PSYCH 100 Notes Chapter 16 - CHAPTER 16 Social Cognition...

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CHAPTER 16 – Social Cognition Social Cognition Social Cognition – process by which people make sense of others, themselves, social interactions, and relationships First Impression – initial perception of another person that can be powerful in shaping future beliefs about them Halo Effect – tendency to attribute additional positive characteristics to someone who has one salient quality such as physical attractiveness (what is beautiful is good) Stereotypes and Prejudice Stereotypes – schemas about characteristics ascribed to a group of people based on qualities such as race, ethnicity, or gender rather than achievements or actions Prejudice – judging people based on negative stereotypes Discrimination – the behavioral component of prejudiced attitudes Authoritarian Personality – personality type that is prone to hate people who are different, linked to harsh parenting requiring strict obedience, repressed feelings of hate towards father Prejudice has changed in the last three decades, overt racial discrimination has been replaced by subtle attitudes or beliefs that are unfavorable towards minorities Implicit Racism – people have negative attitudes toward blacks, without much conscious thought blacks are treated worse (blacks receive less help in ambiguous situations, lower response rate from resumes) Explicit Racism – conscious racist attitudes Connectionist Model of Influence of Stereotypes on Judgments – when a white person observes a white or black man shoving someone, the person could interpret the shove as an aggressive act or a playful shove, “black” is associated with the trait “aggressive” though and activation spreads from “black” to “aggressive” to “violent push”, whereas “white” is not associated with “aggressive” Implicit Racism – people are more likely to suppress stereotypic attitudes under conditions of self-focus (staring into a mirror), fighting a stereotype does not make it go away though, it can actually intensify it Ingroup – people perceived as belonging to a valued group Outgroup – people perceived as not belonging to a valued group People tend to perceive members of outgroups as much more homogenous than they really are and to emphasize the individuality of ingroup members, viewing ingroup members in a positive light Social Identity Theory – people derive part of their identity from groups to which they belong, individuals develop a need to maintain positive feelings for their ingroup and negative feelings for the outgroup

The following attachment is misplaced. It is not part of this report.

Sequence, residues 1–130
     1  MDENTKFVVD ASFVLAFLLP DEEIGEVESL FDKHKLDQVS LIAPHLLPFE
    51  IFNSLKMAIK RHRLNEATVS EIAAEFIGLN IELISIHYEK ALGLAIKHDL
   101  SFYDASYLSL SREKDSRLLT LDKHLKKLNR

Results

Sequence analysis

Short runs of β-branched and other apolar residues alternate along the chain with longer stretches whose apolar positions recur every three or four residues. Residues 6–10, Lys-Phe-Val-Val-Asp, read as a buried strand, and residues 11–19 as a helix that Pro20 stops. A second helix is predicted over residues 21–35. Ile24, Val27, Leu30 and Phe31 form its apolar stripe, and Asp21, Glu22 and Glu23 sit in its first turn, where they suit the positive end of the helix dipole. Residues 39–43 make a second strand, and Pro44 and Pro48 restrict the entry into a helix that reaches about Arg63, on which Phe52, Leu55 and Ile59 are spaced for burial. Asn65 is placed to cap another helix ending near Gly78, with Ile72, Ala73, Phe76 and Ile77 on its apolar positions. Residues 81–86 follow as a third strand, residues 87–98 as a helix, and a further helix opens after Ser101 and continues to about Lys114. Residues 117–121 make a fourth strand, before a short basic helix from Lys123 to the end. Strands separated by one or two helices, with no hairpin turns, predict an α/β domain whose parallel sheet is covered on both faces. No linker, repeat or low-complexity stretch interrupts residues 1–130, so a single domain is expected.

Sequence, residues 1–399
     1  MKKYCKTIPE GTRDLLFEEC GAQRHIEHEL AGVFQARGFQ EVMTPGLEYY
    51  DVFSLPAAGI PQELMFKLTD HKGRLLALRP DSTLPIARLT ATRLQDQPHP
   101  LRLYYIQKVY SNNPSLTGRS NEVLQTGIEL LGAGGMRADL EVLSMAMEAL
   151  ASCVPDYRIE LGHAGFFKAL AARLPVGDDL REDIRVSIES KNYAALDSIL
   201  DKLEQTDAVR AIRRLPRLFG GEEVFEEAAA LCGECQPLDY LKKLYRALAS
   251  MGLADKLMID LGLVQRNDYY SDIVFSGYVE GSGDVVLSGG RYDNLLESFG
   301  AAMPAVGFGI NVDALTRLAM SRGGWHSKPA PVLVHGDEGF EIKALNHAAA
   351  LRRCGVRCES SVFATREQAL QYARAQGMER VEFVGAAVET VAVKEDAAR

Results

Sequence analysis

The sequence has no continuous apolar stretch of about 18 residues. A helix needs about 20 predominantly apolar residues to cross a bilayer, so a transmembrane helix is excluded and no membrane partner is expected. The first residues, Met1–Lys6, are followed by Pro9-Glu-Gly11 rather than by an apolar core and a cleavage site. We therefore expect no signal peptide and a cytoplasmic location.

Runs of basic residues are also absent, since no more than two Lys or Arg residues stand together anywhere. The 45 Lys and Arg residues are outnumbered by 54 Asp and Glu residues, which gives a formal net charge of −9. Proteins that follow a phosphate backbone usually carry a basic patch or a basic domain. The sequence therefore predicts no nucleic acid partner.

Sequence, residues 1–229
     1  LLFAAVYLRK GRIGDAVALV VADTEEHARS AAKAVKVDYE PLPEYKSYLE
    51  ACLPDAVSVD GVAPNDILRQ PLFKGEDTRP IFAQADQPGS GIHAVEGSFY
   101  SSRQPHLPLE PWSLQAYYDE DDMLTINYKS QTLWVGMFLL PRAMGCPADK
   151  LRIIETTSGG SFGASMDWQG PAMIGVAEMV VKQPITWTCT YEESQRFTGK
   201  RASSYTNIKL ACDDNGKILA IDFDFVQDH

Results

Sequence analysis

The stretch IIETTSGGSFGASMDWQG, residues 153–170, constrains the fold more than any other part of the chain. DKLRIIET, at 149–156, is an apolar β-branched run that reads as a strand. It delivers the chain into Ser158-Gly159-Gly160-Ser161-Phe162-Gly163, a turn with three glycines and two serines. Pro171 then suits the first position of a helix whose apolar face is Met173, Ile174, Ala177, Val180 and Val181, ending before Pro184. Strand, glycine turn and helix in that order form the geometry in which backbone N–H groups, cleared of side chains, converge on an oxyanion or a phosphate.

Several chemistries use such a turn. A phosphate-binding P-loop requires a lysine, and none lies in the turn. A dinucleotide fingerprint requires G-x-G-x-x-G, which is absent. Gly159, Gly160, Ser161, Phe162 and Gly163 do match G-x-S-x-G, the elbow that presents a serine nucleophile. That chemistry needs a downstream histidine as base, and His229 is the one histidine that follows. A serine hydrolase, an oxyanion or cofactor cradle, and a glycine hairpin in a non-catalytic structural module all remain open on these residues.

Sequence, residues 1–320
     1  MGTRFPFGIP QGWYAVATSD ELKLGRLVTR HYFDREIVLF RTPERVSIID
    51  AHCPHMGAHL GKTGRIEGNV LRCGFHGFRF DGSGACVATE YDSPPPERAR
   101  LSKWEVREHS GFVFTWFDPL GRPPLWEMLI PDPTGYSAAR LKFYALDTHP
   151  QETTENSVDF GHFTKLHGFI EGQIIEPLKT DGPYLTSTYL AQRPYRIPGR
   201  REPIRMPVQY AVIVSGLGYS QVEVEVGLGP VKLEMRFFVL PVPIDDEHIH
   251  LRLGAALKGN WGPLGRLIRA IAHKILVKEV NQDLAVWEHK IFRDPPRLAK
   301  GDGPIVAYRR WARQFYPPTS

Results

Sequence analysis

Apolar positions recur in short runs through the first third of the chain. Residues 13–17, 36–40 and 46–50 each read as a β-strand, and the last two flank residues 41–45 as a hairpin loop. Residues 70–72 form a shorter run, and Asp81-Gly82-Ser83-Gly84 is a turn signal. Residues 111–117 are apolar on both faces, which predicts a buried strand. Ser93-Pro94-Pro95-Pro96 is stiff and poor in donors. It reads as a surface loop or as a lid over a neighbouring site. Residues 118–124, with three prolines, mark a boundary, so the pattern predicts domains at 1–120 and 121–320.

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This note was uploaded on 11/10/2009 for the course PSYCH 100 taught by Professor Matchock,robert during the Spring '07 term at Pennsylvania State University, University Park.

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PSYCH 100 Notes Chapter 16 - CHAPTER 16 Social Cognition...

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